3. On Le Cordon Bleu - it depends on which one you go to. If you go to the one in Paris, London, or the few in Asia, then your degree still holds a lot of weight. They lease out the name in the US so the schools here aren't run by the parent institution and thus the instruction is a bit diluted. The alumni job page is open only to Paris, London, and Asia grads - not US grads for that reason. No one in my class had a bit of trouble getting a good job straight out of the Paris location a few years ago. You can specialize in just patisserie or just cuisine there - or do both! Let us know what you decide!

              www.refinedrogue.com

              1. Read this article on the front page of today's New York Times
                "Top Chef Dreams Crushed by Student Loan Debt".
                http://www.nytimes.com/2007/05/08/us/...
                A reality check if ever there was one for the aspiring cook

                BTW, have you ever worked in a restaurant in any capacity?

                If not, get yourself a job today (host, wait staff, kitchen slave, potato peeler) so you can see if you like restaurant work and the work environment. It is not like TV and has absolutely no resemblance to home cooking. In all professional kitchens, it is grueling, backbreaking manual labor with rude nasty quick-tempered men.

                Even if you have a degree from CIA, or Le Cordon Bleu and work in a restaurant with stars, it is all a similar work environment and the hospitably and service trade! You need to find out now if that is the type of environment and pressure you will enjoy before you invest so much time and money into an education.

                Good luck!

                5 Replies
                1. re: dewdropin

                  "In all professional kitchens, it is grueling, backbreaking manual labor with rude nasty quick-tempered men."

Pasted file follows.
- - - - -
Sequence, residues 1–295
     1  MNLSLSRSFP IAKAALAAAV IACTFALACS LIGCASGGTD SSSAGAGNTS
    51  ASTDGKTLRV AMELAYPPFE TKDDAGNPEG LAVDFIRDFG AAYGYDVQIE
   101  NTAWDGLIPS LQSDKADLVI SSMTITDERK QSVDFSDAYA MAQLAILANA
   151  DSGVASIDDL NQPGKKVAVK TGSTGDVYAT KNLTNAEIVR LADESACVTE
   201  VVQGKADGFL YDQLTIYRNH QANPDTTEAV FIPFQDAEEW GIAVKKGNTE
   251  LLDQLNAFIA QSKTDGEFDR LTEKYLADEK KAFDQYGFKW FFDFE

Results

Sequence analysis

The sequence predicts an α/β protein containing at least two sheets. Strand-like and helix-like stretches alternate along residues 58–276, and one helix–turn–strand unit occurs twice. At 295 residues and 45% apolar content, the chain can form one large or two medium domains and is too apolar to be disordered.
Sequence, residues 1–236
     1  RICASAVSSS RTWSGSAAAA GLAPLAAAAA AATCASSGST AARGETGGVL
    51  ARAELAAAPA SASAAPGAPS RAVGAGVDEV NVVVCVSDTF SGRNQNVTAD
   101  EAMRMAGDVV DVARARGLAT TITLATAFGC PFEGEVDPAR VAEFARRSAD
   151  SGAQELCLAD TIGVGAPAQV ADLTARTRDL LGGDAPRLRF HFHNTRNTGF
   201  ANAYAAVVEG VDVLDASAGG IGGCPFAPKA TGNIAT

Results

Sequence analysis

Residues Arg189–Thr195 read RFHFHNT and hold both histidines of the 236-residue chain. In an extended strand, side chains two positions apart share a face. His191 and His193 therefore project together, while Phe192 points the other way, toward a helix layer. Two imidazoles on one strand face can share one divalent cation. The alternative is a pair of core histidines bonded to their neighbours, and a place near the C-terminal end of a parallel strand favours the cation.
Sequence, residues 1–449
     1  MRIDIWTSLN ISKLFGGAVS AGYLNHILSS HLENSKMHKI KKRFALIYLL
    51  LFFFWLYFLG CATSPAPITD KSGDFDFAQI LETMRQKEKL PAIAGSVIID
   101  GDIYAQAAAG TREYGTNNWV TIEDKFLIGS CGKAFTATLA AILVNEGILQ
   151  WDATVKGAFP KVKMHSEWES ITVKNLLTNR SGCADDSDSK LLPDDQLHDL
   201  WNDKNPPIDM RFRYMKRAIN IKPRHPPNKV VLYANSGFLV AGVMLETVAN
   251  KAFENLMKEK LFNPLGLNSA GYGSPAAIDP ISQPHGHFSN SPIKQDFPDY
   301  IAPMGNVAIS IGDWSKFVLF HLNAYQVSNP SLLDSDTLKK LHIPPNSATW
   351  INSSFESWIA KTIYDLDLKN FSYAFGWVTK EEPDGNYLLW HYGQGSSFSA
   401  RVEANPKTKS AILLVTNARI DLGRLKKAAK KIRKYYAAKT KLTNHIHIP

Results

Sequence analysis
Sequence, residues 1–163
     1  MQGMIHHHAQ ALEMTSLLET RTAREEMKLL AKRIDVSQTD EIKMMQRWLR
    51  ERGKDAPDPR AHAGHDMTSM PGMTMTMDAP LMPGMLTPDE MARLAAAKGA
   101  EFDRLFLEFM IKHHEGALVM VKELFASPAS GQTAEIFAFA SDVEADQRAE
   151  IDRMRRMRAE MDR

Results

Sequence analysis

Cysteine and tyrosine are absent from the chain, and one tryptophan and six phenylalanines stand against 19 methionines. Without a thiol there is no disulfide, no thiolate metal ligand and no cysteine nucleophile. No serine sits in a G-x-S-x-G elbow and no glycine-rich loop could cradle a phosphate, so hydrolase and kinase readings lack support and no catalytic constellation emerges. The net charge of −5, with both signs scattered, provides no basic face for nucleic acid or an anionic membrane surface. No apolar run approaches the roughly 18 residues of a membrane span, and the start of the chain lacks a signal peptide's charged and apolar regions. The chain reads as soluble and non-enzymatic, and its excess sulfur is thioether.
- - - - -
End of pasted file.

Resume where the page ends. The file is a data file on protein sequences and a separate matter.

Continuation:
It can be even tougher for women in the kitchen, you will be expected to pull your weight and more to rise above these stereotypes. If the line is too much, you may want to consider baking/pastry/confections, can be less stress.

                  1. re: Pablo

                    "If the line is too much, you may want to consider baking/pastry/confections, can be less stress."

                    HA.

                    Sir, that is very bad advice. Pastry is not easier, not less stressful, not less back-breaking, just different, and if someone is not driven to do pastry, they don't belong in that field.

                      1. re: babette feasts

                        I said "can be less stress." I've been on the pastry side and it was easier for me, not saying it was easy for everyone. The worst thing about pastry in some places is battling the line cooks for oven space during production! And you have to admit, unless the place your work in is noted for pastry more than it's food, the Chef in the kitchen treats pastry/bakers a lot different than the line cooks!

                    1. re: dewdropin